I remember asking an author once why he'd written about murder ballads, the response was along the lines of the well researched ones I've read weren't an enjoyable read and the ones that were an enjoyable read weren't well researched, I suspect if I were to ask Louise Jordan the same question about "No Petticoats Here", I would get a similar response.
Essentially "No Petticoats Here" is an album about the, almost forgotten and overlooked, roles that women played during world war one and just after it, both at home, at the front and arguably all points between, eleven vignettes of life from back in the day.
Some of the stories you hear, you may have already seen in documentaries or read in other books, "Shoulder To Shoulder" the tale of women's football during the time may not have the same recognition in people's as the Christmas day kickabout, but arguably it's a far more culturally important event, that the leagues and games have largely been written out of history actually speaks volumes.
"No Petticoats Here" really does cover all aspects of the roles women played, the exciting worlds of espionage and derringdo contrasting with the monotony of life on the shop floor of munition factories and being turned yellow by the chemicals that you were having to work with and by doing so emphasises how unfair it is that half of the population are carefully written out of the story, because it didn't fit the narrative of the establishment.
Now if that all sounds a bit of a feminist tract, can I refer you back to paragraph one? Louise Jordan delivers an album that is well researched and an enjoyable listen. "No Petticoats Here" sparkles with personality and personalities. It has a real sense of drama where it needs it, never overplaying its hand and delivers an album that delivers beautifully on its concepts and does so in a very entertaining way.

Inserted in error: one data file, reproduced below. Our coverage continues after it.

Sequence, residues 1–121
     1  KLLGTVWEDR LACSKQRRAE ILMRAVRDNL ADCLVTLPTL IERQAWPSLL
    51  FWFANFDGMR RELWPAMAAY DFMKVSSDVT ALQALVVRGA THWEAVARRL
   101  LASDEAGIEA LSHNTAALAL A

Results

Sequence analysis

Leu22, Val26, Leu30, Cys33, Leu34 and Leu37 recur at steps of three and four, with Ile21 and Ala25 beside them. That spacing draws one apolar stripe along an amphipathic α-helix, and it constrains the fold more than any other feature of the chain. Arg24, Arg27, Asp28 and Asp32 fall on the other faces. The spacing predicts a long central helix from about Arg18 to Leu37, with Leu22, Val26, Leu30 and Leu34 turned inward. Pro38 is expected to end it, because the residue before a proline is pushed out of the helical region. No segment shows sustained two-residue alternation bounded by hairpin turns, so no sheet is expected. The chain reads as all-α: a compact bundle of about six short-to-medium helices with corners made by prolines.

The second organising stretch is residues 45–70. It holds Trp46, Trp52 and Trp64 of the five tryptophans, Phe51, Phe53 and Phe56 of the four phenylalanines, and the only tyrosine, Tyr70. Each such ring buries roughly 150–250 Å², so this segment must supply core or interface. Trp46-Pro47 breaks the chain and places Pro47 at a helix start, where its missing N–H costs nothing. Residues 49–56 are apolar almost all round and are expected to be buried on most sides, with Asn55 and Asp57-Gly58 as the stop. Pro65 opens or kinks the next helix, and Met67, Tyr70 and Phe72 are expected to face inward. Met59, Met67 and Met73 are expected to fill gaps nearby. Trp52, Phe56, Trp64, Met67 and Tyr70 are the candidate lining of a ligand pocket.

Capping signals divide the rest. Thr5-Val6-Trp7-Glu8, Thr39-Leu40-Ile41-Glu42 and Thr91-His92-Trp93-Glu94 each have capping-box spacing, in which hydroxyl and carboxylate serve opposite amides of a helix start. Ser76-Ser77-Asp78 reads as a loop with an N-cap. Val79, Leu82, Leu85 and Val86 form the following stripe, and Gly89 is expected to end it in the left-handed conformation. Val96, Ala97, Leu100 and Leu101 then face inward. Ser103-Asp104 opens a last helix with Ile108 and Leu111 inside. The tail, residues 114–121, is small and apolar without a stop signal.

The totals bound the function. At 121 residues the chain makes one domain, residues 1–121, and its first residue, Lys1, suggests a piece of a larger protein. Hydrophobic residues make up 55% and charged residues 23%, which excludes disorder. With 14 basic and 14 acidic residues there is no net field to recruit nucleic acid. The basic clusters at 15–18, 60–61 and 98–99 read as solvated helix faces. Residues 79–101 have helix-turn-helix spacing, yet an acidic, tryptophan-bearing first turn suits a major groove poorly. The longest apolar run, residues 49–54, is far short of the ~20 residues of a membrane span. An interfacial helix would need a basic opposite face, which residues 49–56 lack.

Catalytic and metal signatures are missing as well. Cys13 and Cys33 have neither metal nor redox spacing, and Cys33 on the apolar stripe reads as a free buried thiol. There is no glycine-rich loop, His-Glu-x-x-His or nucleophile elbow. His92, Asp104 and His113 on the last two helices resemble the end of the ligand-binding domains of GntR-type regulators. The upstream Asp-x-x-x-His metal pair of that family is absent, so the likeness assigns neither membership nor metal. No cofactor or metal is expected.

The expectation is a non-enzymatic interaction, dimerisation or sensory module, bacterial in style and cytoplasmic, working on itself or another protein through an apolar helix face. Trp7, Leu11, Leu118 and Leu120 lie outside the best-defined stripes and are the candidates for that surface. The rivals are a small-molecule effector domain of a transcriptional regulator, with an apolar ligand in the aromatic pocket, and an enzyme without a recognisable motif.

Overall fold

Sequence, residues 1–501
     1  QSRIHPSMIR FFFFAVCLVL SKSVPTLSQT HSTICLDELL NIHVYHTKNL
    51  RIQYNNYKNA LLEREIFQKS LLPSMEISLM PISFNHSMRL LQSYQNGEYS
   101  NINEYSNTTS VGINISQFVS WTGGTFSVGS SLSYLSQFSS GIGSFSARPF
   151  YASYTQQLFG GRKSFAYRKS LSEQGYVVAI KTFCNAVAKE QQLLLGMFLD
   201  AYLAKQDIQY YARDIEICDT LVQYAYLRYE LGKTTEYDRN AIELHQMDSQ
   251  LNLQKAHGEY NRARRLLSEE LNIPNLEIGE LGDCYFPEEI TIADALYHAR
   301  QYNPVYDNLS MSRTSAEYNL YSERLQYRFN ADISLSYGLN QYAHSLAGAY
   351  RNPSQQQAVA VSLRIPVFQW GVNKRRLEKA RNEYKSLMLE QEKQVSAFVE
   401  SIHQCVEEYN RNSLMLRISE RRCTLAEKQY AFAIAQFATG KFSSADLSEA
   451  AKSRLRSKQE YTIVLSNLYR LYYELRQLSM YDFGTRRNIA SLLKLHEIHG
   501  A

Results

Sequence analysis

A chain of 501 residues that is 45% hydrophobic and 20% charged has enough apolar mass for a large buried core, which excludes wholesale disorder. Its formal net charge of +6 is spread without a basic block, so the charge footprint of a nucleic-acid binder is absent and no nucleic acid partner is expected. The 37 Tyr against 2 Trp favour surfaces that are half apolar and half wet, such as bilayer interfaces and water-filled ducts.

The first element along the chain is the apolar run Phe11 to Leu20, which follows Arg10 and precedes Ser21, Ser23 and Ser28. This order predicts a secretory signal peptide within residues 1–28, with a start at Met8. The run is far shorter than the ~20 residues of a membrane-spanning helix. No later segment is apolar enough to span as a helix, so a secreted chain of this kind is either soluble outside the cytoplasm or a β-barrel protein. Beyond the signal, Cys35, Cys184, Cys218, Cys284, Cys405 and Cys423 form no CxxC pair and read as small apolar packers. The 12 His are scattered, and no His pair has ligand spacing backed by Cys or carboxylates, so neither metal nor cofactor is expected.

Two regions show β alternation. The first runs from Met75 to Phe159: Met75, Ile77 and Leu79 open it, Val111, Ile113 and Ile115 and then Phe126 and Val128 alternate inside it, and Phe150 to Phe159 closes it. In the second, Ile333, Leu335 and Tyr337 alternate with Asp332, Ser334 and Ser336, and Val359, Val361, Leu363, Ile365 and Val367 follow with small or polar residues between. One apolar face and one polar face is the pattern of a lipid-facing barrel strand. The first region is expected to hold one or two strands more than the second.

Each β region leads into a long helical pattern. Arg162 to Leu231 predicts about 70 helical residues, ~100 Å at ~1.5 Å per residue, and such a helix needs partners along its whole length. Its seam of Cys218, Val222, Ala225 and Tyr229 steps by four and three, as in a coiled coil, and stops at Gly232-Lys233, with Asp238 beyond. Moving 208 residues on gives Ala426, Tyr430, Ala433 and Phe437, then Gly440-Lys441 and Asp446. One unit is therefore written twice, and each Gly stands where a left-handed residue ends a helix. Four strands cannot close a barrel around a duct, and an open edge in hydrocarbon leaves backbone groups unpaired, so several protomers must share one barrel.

The album is one that delivers from the moment it arrives. It falls into your hands as a brown paper parcel, hand tied with string, that alone raises expectation, the modern equivalent of opening up the gatefold sleeve. You then find the accompanying booklet, which adds more detail to the sung stories, again in an enjoyable and educational way.
One of the things I like about Louise Jordan's songwriting is not just what she says, but what she doesn't say, crediting her listeners with an ability to join the dots, when a hanging note, for example, can say so much more than another sentence or verse. The songs and arrangements are deceptively simple, but speak volumes.
"No Petticoats Here" is one of my albums of the year, because it does marry the worlds of education and entertainment so well. Songs that stand up on their own, but as a body ask as many questions as they answer. If you want to know a bit more, well there's the booklet and like the songs that could stand on its own as part of an exam syllabus. Yep, this is an album that matters, so give it a chance to matter to you and grab yourself a copy.
|SERA: Little Girl||Jack Ingram: Midnight Motel|
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